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On sampling and randomness pulled out of the hat

“The purely random sample is the only kind that can be examined with confidence by means of statistical theory, but there is one thing wrong with it. It is so difficult and expensive to obtain for many uses that sheer cost eliminates it. A more economical substitute, which is almost universally used in such fields as opinion polling and market research, is called stratified random sampling.”

Darrell Huff, How to Lie with Statistics


Why Sampling?

Decision makers constantly need information on characteristics of a population. Due to timeliness and cost reasons, this information is often obtained through sample surveys. The process of selecting a part of the population to observe, so one can estimate its characteristics of interest, is called sampling.


However, while the population characteristics remain fixed, its estimate depends on which sample is selected. With careful attention to the sampling design and using a suitable estimation method, one can obtain estimates that are unbiased for population quantities. The estimate is unbiased if its expected value, over all possible samples that might be selected with the design, equals the actual population value[1].


The need for random selection

In order to remove known and unknown human sources of bias, such as conscious or unconscious tendencies to help select units with specific characteristics, a probability selection of samples is needed. A probability design such as simple random sampling can therefore provide unbiased estimates of the population characteristics, such as the mean, total or a proportion. Simple random sampling is the sampling scheme in which units are selected in such a way that each unit has exactly the same probability of being chosen. Unbiased estimates can also be obtained from unequal probability designs; provided the probability of inclusion in the sample is known for each unit. Both types of designs allow for the estimate of the variability and the computation of the estimate’s precision.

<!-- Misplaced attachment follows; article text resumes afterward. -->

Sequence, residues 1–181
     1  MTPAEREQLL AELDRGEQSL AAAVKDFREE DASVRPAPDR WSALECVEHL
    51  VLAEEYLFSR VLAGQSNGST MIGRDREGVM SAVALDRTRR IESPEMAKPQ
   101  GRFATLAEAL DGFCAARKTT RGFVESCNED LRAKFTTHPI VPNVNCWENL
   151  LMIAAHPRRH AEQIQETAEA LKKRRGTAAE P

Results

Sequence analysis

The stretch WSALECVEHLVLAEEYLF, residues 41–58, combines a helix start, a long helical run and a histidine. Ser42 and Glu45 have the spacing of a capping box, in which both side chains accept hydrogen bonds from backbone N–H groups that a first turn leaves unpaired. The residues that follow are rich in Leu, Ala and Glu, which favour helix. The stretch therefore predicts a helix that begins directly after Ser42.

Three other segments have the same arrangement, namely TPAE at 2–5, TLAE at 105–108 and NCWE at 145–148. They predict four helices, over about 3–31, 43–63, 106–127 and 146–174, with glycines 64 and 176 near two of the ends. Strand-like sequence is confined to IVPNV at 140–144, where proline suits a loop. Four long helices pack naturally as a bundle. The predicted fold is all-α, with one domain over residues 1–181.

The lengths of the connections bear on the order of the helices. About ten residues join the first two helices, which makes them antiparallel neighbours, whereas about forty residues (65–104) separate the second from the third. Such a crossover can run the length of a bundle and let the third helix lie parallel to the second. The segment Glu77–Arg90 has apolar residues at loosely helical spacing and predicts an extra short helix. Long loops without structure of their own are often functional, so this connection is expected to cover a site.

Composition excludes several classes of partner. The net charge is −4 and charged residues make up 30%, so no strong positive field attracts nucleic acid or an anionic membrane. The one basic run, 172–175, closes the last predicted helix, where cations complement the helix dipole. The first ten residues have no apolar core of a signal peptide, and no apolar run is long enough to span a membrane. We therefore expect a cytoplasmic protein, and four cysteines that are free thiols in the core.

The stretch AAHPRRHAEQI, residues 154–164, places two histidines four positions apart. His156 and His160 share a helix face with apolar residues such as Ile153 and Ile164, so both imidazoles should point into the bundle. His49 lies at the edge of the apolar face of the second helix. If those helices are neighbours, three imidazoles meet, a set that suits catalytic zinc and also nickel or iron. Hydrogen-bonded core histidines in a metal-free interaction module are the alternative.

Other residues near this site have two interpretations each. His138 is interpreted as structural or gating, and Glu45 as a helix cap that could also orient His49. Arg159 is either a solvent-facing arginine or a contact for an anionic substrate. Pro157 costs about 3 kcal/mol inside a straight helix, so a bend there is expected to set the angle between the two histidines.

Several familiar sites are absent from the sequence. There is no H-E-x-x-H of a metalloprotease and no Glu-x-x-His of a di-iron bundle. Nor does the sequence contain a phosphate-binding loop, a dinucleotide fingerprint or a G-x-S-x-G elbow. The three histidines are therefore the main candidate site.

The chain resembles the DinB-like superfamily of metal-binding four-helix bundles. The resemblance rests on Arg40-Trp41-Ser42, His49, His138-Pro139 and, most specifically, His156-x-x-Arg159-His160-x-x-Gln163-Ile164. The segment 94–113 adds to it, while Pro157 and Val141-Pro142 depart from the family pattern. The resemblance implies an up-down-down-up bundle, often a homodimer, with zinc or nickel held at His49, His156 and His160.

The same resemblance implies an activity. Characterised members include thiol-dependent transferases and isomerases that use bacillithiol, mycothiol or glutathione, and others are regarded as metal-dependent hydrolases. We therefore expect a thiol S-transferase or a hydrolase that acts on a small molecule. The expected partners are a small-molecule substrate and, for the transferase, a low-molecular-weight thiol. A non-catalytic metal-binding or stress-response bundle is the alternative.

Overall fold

Sampling Strategies

Simple random sampling can be expensive and often not feasible, since it requires that all elements of the population are identified and labelled prior to the sampling (in survey sampling these lists of units are called sampling frames). And this is often not possible. Also, it implies that each unit has an equal chance of being selected, and this may result in a sample that is spread out over a large geographical area, which would be very costly to implement[2].

Though in practice one may never decide to select a design based on simple random sampling, it is the simplest possible method, and therefore the one against which all other methods can be compared against. Eventually, even in more complicated designs, there might be a stage in which units are selected by simple random sampling.

An alternative is to use a sampling plan that involves different stages. The simplest one involves two stages. In the first one, the population is divided into clusters and a random selection of clusters is obtained. In the second stage, a random sample is drawn from each of the clusters. In such a scheme, sampling units have different probabilities to be selected, but these probabilities can be computed if the two stages are carried out wisely.